"Given this age of heightened narcissism, this study provides further evidence that individuals seem to inflate their opinions of themselves by thinking the sound of their own voices is more attractive," says Hughes.

The article suggests that participants may have also preferred their own voice due to a mere exposure effect and the tendency to like the familiar. This effect may have still been a factor even if participants were not overtly aware they were hearing their own voice, according to the study.

Hughes, an expert in evolutionary psychology and voice perception, was surprised by the results, especially since many people report not liking the sound of their recorded voice. There is a distinct biological difference in how we hear our speaking voice internally compared to hearing a recorded version.

"People are often vexed when they hear the sound of their own voice as a recording," says Hughes.


Story Source:

The above story is based on materials provided by Albright College. Note: Materials may be edited for content and length.


Cite This Page:

Albright College. "Hate the sound of your voice? Not really." ScienceDaily. ScienceDaily, 12 September 2013. <www.sciencedaily.com/releases/2013/09/130912112733.htm>.
Albright College. (2013, September 12). Hate the sound of your voice? Not really. ScienceDaily. Retrieved August 30, 2014 from www.sciencedaily.com/releases/2013/09/130912112733.htm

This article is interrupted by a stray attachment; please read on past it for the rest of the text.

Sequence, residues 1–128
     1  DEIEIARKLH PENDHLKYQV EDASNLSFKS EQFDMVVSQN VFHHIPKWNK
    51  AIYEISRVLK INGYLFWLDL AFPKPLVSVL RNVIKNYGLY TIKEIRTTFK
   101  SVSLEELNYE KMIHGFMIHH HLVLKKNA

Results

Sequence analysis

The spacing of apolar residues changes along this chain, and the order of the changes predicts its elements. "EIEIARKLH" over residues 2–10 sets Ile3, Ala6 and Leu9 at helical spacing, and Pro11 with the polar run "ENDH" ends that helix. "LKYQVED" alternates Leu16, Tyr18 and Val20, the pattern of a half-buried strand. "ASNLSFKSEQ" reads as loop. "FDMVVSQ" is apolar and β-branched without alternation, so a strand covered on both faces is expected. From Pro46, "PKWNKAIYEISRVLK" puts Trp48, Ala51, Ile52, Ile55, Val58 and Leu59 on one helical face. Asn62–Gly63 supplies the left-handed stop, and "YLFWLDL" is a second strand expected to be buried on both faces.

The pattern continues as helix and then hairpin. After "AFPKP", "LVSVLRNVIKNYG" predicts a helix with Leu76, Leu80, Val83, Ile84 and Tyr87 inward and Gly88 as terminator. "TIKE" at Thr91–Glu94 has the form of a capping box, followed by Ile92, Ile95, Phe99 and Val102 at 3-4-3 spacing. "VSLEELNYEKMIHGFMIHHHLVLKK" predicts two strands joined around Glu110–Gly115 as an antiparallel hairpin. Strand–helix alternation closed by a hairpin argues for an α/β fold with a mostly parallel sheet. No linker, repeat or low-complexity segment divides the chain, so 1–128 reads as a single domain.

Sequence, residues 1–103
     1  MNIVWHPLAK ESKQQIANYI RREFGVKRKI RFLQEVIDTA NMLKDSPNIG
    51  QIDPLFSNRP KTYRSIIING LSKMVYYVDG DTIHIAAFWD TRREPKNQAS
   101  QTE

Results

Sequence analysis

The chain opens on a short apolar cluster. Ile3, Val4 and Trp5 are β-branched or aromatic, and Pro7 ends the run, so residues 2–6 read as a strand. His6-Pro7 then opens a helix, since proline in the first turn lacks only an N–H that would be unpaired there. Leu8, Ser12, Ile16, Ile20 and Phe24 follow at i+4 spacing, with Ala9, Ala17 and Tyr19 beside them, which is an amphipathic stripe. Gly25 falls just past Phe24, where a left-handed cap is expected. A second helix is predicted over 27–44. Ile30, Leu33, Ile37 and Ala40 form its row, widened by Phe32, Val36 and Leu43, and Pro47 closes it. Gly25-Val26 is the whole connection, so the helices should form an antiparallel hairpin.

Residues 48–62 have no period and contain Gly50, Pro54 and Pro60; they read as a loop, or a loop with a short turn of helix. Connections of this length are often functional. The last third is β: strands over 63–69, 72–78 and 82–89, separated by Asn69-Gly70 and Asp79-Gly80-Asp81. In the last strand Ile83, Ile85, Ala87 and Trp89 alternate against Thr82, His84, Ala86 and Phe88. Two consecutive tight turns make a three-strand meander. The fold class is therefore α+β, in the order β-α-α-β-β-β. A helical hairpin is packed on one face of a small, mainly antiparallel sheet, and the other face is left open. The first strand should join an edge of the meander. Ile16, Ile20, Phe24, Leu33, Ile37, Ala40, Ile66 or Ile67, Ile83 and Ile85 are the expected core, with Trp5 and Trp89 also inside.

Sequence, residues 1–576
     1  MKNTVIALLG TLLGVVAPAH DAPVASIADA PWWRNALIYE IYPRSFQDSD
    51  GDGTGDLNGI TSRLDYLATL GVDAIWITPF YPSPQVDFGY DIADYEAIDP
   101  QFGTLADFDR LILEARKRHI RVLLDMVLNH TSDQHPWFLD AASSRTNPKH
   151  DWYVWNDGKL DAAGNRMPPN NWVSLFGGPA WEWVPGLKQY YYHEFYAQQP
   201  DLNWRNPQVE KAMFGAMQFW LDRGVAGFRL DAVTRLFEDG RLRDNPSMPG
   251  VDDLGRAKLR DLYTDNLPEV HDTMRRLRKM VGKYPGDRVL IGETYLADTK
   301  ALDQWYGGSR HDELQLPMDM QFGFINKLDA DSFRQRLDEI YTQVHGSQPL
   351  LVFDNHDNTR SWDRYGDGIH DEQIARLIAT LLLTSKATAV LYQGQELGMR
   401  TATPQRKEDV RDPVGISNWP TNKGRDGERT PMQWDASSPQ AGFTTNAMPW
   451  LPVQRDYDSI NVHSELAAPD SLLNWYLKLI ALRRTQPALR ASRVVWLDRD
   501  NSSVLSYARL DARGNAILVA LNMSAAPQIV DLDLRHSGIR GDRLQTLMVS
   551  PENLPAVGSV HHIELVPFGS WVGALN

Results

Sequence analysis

Albright College. "Hate the sound of your voice? Not really." ScienceDaily. www.sciencedaily.com/releases/2013/09/130912112733.htm (accessed August 30, 2014).

Share This




More Mind & Brain News

Saturday, August 30, 2014

Featured Research

from universities, journals, and other organizations


Featured Videos

from AP, Reuters, AFP, and other news services

Treadmill 'trips' May Reduce Falls for Elderly

Treadmill 'trips' May Reduce Falls for Elderly

AP (Aug. 28, 2014) Scientists are tripping the elderly on purpose in a Chicago lab in an effort to better prevent seniors from falling and injuring themselves in real life. (Aug.28) Video provided by AP
Powered by NewsLook.com